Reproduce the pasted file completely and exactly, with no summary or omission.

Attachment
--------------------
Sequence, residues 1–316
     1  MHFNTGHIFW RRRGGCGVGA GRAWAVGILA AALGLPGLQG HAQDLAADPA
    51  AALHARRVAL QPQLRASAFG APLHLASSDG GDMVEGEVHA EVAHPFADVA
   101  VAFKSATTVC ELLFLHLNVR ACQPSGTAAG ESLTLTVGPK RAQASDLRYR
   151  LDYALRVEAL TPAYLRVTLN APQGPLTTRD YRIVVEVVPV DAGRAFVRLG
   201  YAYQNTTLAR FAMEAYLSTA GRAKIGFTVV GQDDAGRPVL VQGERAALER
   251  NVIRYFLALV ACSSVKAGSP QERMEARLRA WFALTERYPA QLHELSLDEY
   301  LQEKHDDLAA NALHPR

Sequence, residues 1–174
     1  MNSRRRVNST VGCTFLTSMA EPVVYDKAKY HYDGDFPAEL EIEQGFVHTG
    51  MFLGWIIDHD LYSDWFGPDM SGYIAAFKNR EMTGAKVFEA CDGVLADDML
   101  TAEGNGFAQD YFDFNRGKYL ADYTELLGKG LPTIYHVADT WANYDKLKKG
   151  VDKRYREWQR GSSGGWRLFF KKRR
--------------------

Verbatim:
Sequence, residues 1–316
     1  MHFNTGHIFW RRRGGCGVGA GRAWAVGILA AALGLPGLQG HAQDLAADPA
    51  AALHARRVAL QPQLRASAFG APLHLASSDG GDMVEGEVHA EVAHPFADVA
   101  VAFKSATTVC ELLFLHLNVR ACQPSGTAAG ESLTLTVGPK RAQASDLRYR
   151  LDYALRVEAL TPAYLRVTLN APQGPLTTRD YRIVVEVVPV DAGRAFVRLG
   201  YAYQNTTLAR FAMEAYLSTA GRAKIGFTVV GQDDAGRPVL VQGERAALER
   251  NVIRYFLALV ACSSVKAGSP QERMEARLRA WFALTERYPA QLHELSLDEY
   301  LQEKHDDLAA NALHPR

Sequence, residues 1–174
     1  MNSRRRVNST VGCTFLTSMA EPVVYDKAKY HYDGDFPAEL EIEQGFVHTG
    51  MFLGWIIDHD LYSDWFGPDM SGYIAAFKNR EMTGAKVFEA CDGVLADDML
   101  TAEGNGFAQD YFDFNRGKYL ADYTELLGKG LPTIYHVADT WANYDKLKKG
   151  VDKRYREWQR GSSGGWRLFF KKRR